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Illustration 8.4: Relative Velocity in Collisions
Please wait for the animation to completely load.
In this set of collisions there are no net external forces acting on the two carts. Restart. Enter new values for the velocity of each cart and the mass of the right-moving (orange) cart. Then click the "set values and play" button to register your values and play the animation (position is given in meters and time is given in seconds). We have set limits on the values you can choose:
0.5 kg < m1 < 4 kg, 0 m/s < v1 < 4 m/s, and -4 m/s < v2 < 0 m/s.
The table gives an instantaneous reading of each cart's momentum as well as the total momentum in the two-cart system. In addition, when you select the check box, arrows representing the magnitude of the relative velocities before and after the collision between the two carts are also shown.
Because the net force on the system of two carts is zero, the change in momentum of the two-particle system is zero. In other words, momentum is conserved. Using equations, we would say that since Σ Fnet = Δp/Δt or Σ Fnet = dp/dt, if the net force on a system is zero, then Δp/Δt = 0 or dp/dt = 0, which means that the change in momentum over time must be zero. Hence the sum of the two impulses experienced by the carts must be zero. If one particle's momentum goes up, the other particle's momentum must go down by exactly the same amount.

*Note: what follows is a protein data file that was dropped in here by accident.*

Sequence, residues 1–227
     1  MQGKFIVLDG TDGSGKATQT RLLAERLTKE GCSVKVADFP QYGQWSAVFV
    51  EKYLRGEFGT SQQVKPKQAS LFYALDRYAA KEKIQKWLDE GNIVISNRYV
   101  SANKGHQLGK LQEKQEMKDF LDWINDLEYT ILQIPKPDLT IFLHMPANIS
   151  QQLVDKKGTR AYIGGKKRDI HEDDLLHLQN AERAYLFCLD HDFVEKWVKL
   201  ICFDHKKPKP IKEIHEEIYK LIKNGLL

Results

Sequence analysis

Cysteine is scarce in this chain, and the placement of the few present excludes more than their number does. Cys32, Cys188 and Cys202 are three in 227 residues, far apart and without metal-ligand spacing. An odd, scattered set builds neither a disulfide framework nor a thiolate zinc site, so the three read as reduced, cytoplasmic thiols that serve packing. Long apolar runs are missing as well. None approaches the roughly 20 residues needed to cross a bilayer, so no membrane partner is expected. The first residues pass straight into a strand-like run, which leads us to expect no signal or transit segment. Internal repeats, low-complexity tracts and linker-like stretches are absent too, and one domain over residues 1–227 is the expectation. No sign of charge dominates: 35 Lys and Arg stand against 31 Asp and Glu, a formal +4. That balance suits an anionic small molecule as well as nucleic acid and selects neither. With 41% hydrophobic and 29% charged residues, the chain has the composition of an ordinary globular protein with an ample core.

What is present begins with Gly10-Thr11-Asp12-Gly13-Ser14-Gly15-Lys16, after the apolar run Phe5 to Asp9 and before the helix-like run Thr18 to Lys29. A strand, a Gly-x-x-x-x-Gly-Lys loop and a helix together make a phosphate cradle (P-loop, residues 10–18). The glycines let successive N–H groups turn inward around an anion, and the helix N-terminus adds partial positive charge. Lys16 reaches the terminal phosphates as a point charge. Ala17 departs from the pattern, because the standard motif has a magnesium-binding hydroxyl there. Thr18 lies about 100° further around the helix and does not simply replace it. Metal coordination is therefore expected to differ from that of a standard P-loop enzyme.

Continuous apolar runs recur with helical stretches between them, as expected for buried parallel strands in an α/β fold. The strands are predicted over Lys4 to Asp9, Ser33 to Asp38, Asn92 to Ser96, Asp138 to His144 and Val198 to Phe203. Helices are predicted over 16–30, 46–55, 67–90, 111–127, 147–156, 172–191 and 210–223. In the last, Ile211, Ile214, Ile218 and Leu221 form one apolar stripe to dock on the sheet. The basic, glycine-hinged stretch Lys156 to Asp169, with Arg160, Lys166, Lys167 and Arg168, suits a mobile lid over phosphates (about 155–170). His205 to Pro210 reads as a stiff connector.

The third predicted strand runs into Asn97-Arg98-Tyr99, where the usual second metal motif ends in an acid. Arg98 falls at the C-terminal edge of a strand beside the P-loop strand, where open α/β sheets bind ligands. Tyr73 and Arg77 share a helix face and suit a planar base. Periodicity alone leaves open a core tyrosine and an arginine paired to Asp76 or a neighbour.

In elastic collisions, the concept of the relative velocity is an important one in analyzing the collision. The relative velocity is defined as v1 - v2 (it could also be defined as v2 - v1 as the choice of 1 and 2 is arbitrary).
Turn on the relative velocity arrows and vary the velocity of each cart and the mass of the right-moving (orange) cart. Determine the relationship between the relative velocity before the collision and the relative velocity after the collision. What did you find? It turns out that the magnitude of the relative velocity before and after an elastic collision is the same. However, the sign of the relative velocity changes from before to after the collision: (v1 - v2)i = - (v1 - v2)f. This relationship can be verified by using the conservation of energy and conservation of momentum equations and a bit of algebra.
Consider an elastic collision where v1 = 1 m/s and v2 = -4 m/s. Clearly the relative velocity before the collision is 5 m/s. What must it be after the collision? -5 m/s. Try it and find out if this is true. Does it matter if you change the mass of the orange cart?